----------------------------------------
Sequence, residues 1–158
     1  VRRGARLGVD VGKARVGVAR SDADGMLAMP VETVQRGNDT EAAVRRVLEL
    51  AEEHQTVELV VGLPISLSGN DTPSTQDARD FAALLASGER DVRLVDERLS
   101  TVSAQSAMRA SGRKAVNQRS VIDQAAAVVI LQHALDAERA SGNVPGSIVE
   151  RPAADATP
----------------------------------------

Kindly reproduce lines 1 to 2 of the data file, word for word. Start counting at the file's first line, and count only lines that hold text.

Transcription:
Sequence, residues 1–158
     1  VRRGARLGVD VGKARVGVAR SDADGMLAMP VETVQRGNDT EAAVRRVLEL